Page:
Minorities experienced discrimination after Bill 21 passed: study

Even those who don’t wear religious symbols said they experienced increased discrimination as a sort of ‘guilt by association.’

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Some Muslim and Jewish students reported experiencing discrimination since the passage of Quebec’s secularism law, according to a new study by two Concordia researchers.

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The study attempted to examine the impact of Bill 21 — the secularism law passed in 2019 that bans certain public servants like teachers, police officers and judges from wearing religious symbols.

Surprisingly, even members of minority groups who don’t wear religious symbols said they felt more discrimination in the wake of the law’s passage.

The findings — based on online, bilingual surveys sent to students and recent graduates in education and law — show that among Muslims who wear religious symbols, 76 per cent said they experienced discrimination since the law was passed. Among Jewish respondents who wore religious garb, 56.5 per cent experienced discrimination.

“This is one of the first studies that shows the real-time impact on real people and we think the CAQ government needs to pay attention to it and understand that people are feeling discriminated against in the wake of the passage of this law,” he said Kimberley Manning, one of the researchers.

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Bill 21 was sold to the public by the CAQ government as a way to create social peace and settle the issue of religious symbols, but the study shows it has had the opposite effect, Manning said.

“It hasn’t settled the matter, but it has instead exacerbated the divisiveness and likely the discrimination as well,” Manning said. “In the written comments we have received, we’ve seen a huge increase in discrimination. They may not be wearing a religious symbol themselves, but be perceived as part of a community in which symbols are worn.”

Manning said the law appears to have emboldened people to be more discriminatory. Furthermore, some people seem to be confused about the law and how it applies to people wearing religious symbols. One respondent reported that she heard an 11-year-old girl told she could not wear a hijab because it’s against the law, which is not the case.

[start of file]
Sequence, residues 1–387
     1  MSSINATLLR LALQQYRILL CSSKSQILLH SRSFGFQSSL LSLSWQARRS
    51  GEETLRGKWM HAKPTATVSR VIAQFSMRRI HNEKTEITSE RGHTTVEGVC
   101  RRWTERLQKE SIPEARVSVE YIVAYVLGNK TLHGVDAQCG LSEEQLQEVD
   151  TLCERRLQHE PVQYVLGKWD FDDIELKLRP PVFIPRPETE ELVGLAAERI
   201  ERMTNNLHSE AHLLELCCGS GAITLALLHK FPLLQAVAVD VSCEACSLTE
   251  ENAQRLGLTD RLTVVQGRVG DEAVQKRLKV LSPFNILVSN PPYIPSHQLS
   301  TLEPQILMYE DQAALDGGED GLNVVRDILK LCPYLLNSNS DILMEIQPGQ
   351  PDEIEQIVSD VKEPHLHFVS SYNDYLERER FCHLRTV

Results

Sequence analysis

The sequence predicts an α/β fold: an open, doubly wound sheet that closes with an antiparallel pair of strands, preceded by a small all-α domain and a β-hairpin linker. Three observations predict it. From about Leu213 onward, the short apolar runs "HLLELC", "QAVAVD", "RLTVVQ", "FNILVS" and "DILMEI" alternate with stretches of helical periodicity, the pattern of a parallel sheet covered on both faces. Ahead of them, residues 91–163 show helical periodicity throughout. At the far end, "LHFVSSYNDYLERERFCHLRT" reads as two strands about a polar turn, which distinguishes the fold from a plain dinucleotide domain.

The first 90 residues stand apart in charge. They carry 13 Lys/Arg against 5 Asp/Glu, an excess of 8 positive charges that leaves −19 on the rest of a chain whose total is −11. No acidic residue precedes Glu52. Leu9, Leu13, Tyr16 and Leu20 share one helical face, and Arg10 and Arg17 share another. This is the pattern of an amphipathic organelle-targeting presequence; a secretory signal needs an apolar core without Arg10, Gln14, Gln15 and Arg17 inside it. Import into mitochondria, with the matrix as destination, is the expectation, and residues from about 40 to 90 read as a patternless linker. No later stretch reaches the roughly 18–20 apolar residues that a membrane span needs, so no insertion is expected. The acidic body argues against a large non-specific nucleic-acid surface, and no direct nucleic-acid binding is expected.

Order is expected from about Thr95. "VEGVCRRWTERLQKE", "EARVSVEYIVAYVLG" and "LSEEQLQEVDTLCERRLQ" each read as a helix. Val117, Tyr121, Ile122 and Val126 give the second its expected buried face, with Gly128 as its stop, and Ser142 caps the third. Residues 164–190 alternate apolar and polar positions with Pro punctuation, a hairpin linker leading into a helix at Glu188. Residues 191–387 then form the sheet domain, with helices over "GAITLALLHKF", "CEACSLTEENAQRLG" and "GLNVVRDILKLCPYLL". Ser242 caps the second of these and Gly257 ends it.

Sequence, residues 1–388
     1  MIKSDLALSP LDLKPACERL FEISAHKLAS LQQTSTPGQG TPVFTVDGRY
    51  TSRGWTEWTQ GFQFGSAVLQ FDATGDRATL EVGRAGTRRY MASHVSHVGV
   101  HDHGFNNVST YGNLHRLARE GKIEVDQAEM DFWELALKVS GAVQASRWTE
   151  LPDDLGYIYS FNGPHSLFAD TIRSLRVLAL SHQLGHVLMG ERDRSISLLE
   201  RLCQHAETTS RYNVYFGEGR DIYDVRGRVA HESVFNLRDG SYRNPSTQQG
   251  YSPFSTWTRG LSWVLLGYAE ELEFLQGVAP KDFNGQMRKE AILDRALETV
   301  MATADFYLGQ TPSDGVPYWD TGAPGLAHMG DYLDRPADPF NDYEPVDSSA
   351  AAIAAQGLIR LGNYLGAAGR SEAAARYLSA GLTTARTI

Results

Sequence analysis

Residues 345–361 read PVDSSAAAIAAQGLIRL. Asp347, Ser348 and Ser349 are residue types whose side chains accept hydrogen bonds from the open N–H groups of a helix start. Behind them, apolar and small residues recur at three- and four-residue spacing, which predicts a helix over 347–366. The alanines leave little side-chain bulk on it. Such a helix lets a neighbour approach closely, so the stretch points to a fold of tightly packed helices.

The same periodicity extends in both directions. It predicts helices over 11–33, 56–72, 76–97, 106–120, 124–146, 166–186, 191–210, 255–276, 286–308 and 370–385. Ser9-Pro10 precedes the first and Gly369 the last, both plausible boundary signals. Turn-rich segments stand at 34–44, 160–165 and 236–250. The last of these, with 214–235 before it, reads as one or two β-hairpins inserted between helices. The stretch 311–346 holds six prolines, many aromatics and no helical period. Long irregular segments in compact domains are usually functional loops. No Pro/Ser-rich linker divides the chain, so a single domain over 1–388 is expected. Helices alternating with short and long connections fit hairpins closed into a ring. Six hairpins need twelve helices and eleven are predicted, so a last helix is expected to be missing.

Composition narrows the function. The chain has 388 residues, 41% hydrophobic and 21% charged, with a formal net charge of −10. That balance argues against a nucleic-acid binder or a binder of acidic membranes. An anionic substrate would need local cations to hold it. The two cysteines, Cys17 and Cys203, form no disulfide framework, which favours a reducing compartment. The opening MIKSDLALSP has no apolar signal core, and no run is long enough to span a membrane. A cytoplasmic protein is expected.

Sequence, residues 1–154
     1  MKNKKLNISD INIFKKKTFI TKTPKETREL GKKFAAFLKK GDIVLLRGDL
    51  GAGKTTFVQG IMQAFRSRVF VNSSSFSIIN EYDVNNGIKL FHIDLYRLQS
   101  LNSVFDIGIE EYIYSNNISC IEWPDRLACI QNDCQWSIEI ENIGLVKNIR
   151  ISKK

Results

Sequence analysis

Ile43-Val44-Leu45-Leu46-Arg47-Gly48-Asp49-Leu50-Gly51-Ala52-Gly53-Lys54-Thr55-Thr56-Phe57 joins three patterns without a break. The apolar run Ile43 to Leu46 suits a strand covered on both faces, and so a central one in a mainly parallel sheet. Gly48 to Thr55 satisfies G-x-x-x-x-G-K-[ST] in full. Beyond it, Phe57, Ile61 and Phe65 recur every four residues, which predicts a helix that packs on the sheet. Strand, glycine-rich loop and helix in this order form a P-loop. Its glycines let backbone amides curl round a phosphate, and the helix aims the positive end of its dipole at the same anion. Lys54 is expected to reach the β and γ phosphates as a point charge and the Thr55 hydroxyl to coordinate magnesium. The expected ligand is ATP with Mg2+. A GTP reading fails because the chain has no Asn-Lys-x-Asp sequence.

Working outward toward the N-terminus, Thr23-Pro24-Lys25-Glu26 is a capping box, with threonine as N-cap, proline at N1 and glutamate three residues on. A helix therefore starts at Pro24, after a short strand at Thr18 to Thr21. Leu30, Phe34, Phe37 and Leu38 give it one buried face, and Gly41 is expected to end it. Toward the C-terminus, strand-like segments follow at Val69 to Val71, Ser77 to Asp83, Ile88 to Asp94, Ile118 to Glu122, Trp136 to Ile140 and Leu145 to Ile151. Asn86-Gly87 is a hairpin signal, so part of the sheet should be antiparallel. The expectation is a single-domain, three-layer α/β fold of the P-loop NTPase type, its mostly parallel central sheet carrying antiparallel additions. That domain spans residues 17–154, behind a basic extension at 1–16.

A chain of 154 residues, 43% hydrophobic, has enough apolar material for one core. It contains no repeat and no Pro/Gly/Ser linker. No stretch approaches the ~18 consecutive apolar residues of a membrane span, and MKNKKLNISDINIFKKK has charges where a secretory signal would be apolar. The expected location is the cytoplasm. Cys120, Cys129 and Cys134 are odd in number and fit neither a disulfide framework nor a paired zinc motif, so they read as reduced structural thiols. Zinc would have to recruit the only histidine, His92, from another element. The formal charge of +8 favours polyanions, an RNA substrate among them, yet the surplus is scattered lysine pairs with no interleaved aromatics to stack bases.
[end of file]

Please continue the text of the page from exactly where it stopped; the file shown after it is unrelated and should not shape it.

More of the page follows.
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“That’s the way racism works, unfortunately,” she said. “You’re guilty by association, and this law gives license to that.”

The study also showed that people from minority communities are reconsidering their futures in the province because of the law, and not just those who wear religious symbols.

Many, particularly students in education, said they will refuse to work in Quebec as a result of the law, and overall, 70 per cent of respondents had a more negative perception of Quebec since the passage of the law.

“Somebody whose mother wears a hijab said in the comments that they couldn’t stay in Quebec because it no longer felt safe for their mother,” Manning said. (We also hear from) education students who don’t wear religious symbols but are deeply uncomfortable (with the law).”

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She added that the findings show that the law is affecting the province’s efforts to recruit new teachers while there is a shortage of such professionals.

Manning warned against drawing too many broad conclusions from her research, as the sample size is small, with just 629 respondents. However, she hopes this is just the beginning of studies that examine the effects of this law. If those studies show that the law is creating more divisions, rather than unifying the population, it would be worth re-examining its utility, she said.

“If, in fact, young people are experiencing increased discrimination in the classroom and their social lives because the law has given license to people to be discriminatory and racist, then that would be a reason to rethink (the law),” Manning said.

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